FAU students investigated for “disruptive behavior” during protest
May 1, 2013
Three FAU students could face conduct charges from administration for protesting a public event.
The students were members of the FAU chapter of Students for Justice in Palestine. They joined nine other members on April 19, when they protested a speech given by Col. Bentzi Gruber of the Israeli Defense Forces. Gruber spoke in the Student Housing Services building on the Boca campus, to an audience of roughly 35 mostly middle-aged students, according to the protesters.
It started when SJP president and senior political science major Noor Fawzy stood after Gruber’s opening remarks. Holding a banner with “War Criminals” scrawled across it, the other 11 students walked to the front of the room. Then Fawzy started reading facts about Operation Cast Lead, a three week armed conflict between the Israeli military and Palestinian militants, that Gruber participated in.
Once the protesters were told to leave by FAU police officers present, they complied, according to the police report. To read the full police report, check here.
“The group went outside the building and continued their protest until the event concluded…” reporting officer Curtis Stewart wrote.
This is not the first time that Gruber has been protested. Students at the University of Denver protested one of Gruber’s speeches in 2010, among other protests, according to the Clarion, the school’s student newspaper. Gruber’s speech at FAU was part of an Owls for Israel event. As of publication time, Owls for Israel had not responded to interview requests.
“We all left. We were very compliant in that regard,” said Fawzy. “We went outside, we protested a little, but it was a very quiet protest.”
The video of the protest was recorded by an SJP member who wished to remain anonymous, for “fear of being subject to administrative punishment and intimidation,” according to Fawzy.
Then, on April 25, three members of SJP (Fawzy, Rebecca Sosa, and Renata Glebocki) received emails around 4:30 p.m. from Joanna Ellwood, the assistant dean of Student Conduct. To read one of Ellwood’s letters, check here.
Ellwood’s email told the students that the administration had received a complaint, alleging that the three had been involved in “disruptive behavior” at the April 19 speech. After citing Regulation 4.007 of the Student Code of Conduct as the basis of the complaint, Ellwood made clear that none of the three have been charged with violating the Student Code of Conduct.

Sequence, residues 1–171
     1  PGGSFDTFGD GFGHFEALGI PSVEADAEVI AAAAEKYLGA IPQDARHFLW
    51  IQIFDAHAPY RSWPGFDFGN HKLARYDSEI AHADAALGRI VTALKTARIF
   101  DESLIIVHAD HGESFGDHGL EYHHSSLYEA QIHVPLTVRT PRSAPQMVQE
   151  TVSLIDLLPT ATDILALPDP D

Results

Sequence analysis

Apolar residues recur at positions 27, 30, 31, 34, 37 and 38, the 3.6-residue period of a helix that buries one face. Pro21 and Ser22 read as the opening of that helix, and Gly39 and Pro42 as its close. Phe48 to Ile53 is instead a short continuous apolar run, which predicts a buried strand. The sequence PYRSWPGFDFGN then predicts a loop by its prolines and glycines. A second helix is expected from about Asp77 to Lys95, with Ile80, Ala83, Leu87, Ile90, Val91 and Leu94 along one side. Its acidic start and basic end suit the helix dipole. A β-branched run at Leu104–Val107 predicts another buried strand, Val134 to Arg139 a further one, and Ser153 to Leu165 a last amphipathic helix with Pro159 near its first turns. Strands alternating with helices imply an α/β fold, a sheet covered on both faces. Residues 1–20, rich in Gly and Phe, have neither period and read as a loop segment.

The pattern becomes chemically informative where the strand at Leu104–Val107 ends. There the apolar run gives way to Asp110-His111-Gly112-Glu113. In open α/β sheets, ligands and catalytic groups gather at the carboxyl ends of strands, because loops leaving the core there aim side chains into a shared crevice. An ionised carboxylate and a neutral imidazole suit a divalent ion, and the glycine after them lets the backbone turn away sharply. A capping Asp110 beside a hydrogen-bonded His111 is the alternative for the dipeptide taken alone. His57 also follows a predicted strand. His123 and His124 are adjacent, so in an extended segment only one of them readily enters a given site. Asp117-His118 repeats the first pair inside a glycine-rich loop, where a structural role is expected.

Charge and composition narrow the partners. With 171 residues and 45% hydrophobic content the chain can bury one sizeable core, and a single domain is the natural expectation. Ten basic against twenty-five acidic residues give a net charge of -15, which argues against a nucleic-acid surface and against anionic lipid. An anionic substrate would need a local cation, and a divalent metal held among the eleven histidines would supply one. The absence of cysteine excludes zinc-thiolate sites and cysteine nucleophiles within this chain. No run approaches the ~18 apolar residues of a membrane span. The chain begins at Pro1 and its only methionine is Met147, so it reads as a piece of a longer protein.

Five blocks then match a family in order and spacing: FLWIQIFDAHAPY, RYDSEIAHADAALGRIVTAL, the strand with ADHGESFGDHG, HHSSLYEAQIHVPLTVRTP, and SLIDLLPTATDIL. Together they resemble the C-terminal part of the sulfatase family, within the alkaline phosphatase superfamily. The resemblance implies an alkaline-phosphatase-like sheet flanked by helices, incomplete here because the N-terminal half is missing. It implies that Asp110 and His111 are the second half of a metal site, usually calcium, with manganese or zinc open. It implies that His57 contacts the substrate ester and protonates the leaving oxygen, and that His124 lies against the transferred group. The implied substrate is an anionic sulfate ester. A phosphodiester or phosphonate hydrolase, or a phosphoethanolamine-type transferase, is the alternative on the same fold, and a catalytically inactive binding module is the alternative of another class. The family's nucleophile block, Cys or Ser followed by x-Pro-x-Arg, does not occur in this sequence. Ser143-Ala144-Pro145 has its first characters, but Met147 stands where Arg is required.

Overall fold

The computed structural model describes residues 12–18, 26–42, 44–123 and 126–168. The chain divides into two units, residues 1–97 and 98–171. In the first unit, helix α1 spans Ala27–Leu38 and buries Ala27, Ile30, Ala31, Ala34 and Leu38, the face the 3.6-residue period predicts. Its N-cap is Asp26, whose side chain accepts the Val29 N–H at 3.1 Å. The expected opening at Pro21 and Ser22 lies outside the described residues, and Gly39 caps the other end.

“I just found it to be pure nonsense, ain’t nobody got time for this!” said Fawzy. “This is finals week, I’m graduating in less than a week, I should be focusing on that, I should be focusing on that. They’re making it a bigger deal than it actually is.”
Fawzy is, however, concerned she might be prevented from walking across the stage, or receiving her degree.
“I’ve excelled in my studies here, I made my mark here, and I don’t want all of that to crumble over this; over some 30 second speech that I made to disrupt a war criminal,” said Fawzy.
The UP reached out to Vice President of Student Affairs Charles Brown and Dean of Students Corey King for comment, yet both declined to discuss the conduct hearings, citing the Family Educational Rights and Privacy Act, a law that protects the privacy of student education records, according to the U.S. Department of Education.
“I was absolutely shocked, all I did was that I stood up in complete silence; I protested in a non-violent manner…” said Sosa, a junior political science and sociology major, who also received the notice. “It could eventually prevent me from participating in extracurricular activities, and that does worry me.”
Sosa has been involved in Student Government for three years, as a member of the Boca House of Representatives.
“That’s just one of my concerns, preventing me from participating in things that I love to do,” said Sosa.
“I feel this is just a huge inconvenience, because now I have to worry about it, and I have to show up to a meeting,” said Glebocki, a sophomore political science major. “I have three finals on that day.”
Ellwood did not refer to the meetings as hearings, according to an email sent to the UP. Instead, the phrase “investigation conference meetings,” was used. Both Ellwood and Audra Lazarus, the school’s associate general counsel, were representing the university at the meetings.
The students themselves had their own lawyer present at the meetings. The UP reporter on-scene attempted to enter the meetings to document them, but was told that the student attending the meeting was only allowed to bring in one person into the meeting with them. No regulation was cited to support this decision.
After their meetings, Sosa and Glebocki were less than pleased with the outcome.
“I feel that the Assistant Dean of Students, as well as the lawyer that was present at the meeting were trying to intimidate me,” said Sosa. “They constantly kept asking me what student had gone to the event with me, then when I responded with “It was an FAU event, and it was for FAU students” they would respond with “Oh, so you’re refusing to give us names?” They kept constantly repeating that.”
“I thought it was ridiculous,” said Glebocki. “[Ellwood] kept bringing up all these things that I had no control over…she kept wanting to know about other people involved, as if I had any control over other people’s actions.”
Fawzy seemed cautiously optimistic about the meeting after it ended.
“I felt more confident, more optimistic about the future; I know I didn’t do anything wrong, and I just hope that none of us end up getting in trouble,” said Fawzy. “I hope it doesn’t affect my future prospects of getting a job, I want to be able to get my diploma on time, and just start a new life outside of FAU.”